A ban on the import and export of sanctioned goods to the Russian Federation came into force today in Estonia.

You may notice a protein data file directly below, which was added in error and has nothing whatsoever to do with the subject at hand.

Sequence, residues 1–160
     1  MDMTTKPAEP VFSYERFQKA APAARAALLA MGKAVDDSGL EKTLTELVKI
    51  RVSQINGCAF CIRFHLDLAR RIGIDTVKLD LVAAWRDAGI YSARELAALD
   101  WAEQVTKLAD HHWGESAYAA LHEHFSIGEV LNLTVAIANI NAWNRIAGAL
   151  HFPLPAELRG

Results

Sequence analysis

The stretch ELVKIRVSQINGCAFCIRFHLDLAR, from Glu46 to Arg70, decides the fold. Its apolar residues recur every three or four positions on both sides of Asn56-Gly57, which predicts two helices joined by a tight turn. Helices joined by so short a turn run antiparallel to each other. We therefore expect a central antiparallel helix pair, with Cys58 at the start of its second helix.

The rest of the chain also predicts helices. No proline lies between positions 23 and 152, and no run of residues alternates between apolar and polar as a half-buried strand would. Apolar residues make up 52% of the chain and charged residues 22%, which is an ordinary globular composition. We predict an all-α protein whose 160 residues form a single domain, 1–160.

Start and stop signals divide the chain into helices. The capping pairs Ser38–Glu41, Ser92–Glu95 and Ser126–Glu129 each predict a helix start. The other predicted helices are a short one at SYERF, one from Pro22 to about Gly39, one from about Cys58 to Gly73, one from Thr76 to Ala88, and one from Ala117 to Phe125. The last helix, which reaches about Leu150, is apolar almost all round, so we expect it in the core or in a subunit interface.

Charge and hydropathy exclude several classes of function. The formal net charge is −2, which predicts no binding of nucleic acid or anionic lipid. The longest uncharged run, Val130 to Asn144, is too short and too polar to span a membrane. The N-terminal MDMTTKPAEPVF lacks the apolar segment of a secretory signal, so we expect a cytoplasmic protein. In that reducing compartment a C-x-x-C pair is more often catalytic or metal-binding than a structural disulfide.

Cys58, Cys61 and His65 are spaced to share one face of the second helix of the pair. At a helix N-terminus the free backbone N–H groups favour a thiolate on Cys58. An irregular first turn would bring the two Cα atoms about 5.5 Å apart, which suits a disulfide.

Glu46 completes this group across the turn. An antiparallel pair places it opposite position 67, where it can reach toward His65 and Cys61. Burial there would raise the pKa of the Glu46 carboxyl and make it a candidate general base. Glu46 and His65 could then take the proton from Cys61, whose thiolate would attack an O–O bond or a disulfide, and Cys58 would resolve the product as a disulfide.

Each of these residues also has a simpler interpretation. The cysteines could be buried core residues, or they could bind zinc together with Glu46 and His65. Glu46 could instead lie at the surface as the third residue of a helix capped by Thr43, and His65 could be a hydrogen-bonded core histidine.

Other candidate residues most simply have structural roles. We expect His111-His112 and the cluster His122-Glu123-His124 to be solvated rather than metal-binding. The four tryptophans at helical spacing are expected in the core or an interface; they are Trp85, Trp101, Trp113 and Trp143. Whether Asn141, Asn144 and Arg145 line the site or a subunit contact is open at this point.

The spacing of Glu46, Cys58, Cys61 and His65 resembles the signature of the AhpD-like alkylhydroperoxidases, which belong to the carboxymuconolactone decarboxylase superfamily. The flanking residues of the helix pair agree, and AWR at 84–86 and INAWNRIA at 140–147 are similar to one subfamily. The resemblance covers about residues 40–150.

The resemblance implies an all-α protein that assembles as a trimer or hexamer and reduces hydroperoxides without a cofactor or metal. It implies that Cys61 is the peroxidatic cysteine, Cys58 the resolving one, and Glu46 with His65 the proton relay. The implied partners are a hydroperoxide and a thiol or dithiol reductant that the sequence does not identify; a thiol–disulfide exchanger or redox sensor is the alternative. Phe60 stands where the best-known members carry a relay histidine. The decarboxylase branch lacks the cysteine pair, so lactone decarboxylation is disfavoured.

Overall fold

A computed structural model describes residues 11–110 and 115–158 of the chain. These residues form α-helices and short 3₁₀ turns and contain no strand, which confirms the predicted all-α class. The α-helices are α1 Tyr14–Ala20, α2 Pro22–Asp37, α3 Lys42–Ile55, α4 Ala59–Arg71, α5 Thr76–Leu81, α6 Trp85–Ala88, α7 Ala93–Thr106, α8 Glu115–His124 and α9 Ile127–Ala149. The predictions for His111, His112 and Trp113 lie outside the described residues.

In Estonia, on Monday, July 11, a ban on the import into the Russian Federation and export from the Russian Federation of sanctioned goods comes into force, which also applies to individuals. “The ban is linked to sanctions adopted by the EU to prevent the purchase of Russian goods that bring Russia significant income,” the tax and customs department said in a statement. The published long list of prohibited goods includes spirits such as vodka, gin, liqueurs, etc., old and new furniture and parts thereof, wood and wood products, new pneumatic tires, cement, caviar, such new or used containers such as glass bottles and jars and a number of other goods that private individuals brought daily with them from Russia. The sanctions also apply to the export to the Russian Federation of goods classified as luxury goods, including certain consumer electronics products. It is forbidden to export to Russia more cash than is necessary for the trip, consumer electronics worth more than 750 euros (smartphones, laptops, etc.) and other items worth more than 300 euros. The restriction does not apply to personal items, including a used smartphone, valuable handbag, outerwear, etc. The Department urged people to take this issue seriously and carefully check what they buy in the Russian Federation and what they are going to take with them on a trip to the Russian Federation, take into account more stringent restrictions in order to avoid further problems. It also recalls that violation of international sanctions by private individuals is a crime that can be prosecuted by the Security Police and, by decision of the Prosecutor’s Office, the Tax and Customs Board, with a final decision in court, and is punishable by a fine or imprisonment for up to five years. The same offense committed by a legal entity is punishable by a fine. According to the head of the customs department of the Estonian tax authority, Eerik Heldna (Eerik Heldna), measures may threaten “if, for example, a person tries to import luxury electronics worth more than 750 euros into Russia.”